You would think that risk adverse university presidents wouldn't make a move that risky without thinking they could increase their yearly revenue share by at least 20 percent. That requires increasing the Big 10's total revenue to over $422 million.
That's a 75 percent increase in total revenue for the Big 10 simply by adding teams like Pitt, Syracuse, Missouri, Rutgers and UConn. Why not mention Notre Dame? Because if they could get Notre Dame, they wouldn't keep adding teams.
TV Revenue is based on eyeballs. Let's look at some numbers.
- Currently there are about 303 million people in the US.
- The Big 10 state by state footprint includes 67 million people. That's 22% of the nation's population.
- Adding Missouri, UConn, Pitt, Syracuse and Rutgers would increase their coverage by 37.5 million homes. Or about 56 percent.
But I digress. About 3 weeks ago, Dennis Dodd pointed out this math:
Cable television analyst Mike Reynolds of Multichannel News estimated that the Big Ten is getting a subscription fee of 70 cents per month per subscriber within that eight-state Big Ten region. Outside of that area, he says, the fee drops to 10 cents.*UPDATE: I blew the math big time. Here's the better math. Adding Missouri changes the Big 10 revenue opportunity to $15 million in the state of Missouri. However, they need to add $22 million for the league to break even. The math isn't terrible for the Big 10 in theory (unlike what I wrote in the 2 paragraphs I'm striking below). But it's not clear that residents of New York, Connecticut and New Jersey will put the same value on the Big 10 Network that residents of Michigan and Ohio do.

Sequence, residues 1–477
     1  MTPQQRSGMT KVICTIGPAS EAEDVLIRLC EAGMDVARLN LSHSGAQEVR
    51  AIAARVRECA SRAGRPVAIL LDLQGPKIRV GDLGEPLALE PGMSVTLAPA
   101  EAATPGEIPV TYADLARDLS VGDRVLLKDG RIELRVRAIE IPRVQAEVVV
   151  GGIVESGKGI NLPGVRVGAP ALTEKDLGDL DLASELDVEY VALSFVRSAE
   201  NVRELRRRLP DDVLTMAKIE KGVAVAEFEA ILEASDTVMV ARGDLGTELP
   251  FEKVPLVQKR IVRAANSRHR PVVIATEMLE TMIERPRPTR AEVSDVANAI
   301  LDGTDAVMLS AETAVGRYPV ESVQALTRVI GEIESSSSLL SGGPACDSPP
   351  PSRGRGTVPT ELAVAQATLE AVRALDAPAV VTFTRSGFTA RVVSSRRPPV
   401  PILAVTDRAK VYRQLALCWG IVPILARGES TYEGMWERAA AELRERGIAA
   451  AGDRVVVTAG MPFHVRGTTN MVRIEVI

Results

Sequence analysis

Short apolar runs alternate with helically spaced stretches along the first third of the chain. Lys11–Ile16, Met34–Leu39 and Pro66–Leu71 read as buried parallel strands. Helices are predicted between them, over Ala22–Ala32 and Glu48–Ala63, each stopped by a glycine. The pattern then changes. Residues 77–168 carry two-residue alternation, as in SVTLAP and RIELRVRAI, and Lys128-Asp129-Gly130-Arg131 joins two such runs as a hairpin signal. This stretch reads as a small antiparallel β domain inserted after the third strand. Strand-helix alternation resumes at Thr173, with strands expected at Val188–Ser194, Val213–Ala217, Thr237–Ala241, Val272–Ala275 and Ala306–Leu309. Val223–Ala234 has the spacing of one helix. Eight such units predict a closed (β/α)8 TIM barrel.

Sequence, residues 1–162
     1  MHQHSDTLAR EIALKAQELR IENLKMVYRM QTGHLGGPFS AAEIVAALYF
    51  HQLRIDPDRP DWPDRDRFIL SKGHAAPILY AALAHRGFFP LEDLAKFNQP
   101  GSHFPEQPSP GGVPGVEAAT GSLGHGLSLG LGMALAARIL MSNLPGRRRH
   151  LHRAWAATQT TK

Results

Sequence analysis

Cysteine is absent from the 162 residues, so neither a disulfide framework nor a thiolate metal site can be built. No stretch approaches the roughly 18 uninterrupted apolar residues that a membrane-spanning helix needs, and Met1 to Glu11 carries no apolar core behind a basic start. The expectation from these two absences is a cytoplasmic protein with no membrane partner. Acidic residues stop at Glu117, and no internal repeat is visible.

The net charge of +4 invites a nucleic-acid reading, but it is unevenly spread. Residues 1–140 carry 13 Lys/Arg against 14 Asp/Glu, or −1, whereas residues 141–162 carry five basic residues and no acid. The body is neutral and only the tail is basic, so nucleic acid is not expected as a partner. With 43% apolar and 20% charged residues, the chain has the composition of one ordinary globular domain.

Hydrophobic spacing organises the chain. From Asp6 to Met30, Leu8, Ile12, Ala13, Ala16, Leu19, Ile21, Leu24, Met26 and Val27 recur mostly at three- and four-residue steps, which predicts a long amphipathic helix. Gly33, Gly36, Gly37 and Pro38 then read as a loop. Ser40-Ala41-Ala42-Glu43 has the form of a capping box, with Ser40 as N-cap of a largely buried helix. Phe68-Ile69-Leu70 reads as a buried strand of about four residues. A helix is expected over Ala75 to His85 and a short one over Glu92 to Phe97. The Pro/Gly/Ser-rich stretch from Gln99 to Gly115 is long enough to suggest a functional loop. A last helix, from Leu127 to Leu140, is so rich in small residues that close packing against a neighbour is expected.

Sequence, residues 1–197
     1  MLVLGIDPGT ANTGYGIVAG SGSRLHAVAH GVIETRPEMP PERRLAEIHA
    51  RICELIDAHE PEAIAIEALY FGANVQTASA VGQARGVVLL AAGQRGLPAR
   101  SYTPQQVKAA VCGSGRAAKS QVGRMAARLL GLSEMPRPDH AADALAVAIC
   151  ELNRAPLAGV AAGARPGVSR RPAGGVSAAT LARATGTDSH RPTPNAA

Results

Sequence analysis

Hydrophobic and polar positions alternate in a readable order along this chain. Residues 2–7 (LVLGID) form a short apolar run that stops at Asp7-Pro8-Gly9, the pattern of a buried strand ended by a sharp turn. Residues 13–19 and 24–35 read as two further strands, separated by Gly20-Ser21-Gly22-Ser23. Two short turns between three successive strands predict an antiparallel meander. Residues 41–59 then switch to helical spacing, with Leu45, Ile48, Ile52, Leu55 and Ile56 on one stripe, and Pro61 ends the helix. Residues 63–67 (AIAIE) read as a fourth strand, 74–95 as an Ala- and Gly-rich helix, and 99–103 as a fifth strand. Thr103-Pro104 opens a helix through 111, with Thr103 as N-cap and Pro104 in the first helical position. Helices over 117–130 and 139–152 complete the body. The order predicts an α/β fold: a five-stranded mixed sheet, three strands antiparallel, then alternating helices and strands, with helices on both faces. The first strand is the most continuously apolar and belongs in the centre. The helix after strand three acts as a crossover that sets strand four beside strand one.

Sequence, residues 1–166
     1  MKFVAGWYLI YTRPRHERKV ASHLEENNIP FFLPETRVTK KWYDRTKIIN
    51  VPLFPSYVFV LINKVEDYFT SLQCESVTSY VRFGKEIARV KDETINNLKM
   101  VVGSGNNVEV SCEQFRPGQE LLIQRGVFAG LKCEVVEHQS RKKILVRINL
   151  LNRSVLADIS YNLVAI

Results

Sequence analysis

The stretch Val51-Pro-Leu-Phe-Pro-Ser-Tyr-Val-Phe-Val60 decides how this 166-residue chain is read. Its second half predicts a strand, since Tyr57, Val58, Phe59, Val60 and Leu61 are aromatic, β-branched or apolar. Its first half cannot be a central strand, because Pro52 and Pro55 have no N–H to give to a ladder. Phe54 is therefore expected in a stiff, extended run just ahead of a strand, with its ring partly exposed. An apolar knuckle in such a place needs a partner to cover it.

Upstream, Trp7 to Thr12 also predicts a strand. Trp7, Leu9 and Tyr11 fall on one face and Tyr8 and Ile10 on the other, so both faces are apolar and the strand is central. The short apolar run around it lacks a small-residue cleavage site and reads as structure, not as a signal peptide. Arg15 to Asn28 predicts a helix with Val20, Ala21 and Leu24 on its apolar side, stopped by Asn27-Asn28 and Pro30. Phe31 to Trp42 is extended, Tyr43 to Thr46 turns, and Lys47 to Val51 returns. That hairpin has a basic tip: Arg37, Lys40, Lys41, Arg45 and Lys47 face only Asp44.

Take the state of Missouri as an example of the profit potential for the Big Ten. The state had an estimated 2.2 million households in 2008. Let's assume that almost all of those have satellite or cable or both. If the Big Ten added the University of Missouri, it could potentially increase those subscriber fees from 10 cents per person to 70 cents. That's the difference between a gross of $220,000 and $1.54 million per month.
To make the math work, you'd basically have to double the value of the TV deal in the *existing 8 states* to $1.40 per household *and* double the non-Big 10 states fees to $0.20 per household to get to numbers that make sense for expansion.
As point of comparison, the NFL Network charges Comcast $0.40-0.45 per household (update: per month) for viewers of the most important sport in the United States (as of 2009). That's down from the $0.70 asking price that the NFL Network put in front of Comcast.
Now...can you get the massive revenue needed if Notre Dame is one of the 16? Maybe. But like I said earlier. Why go to 16, if you get Notre Dame in the fold. You're in a less risky position to just stop at 12.
Like I said...I don't think the 16 team Super Conference is coming. Not right in the next 2 years anyway.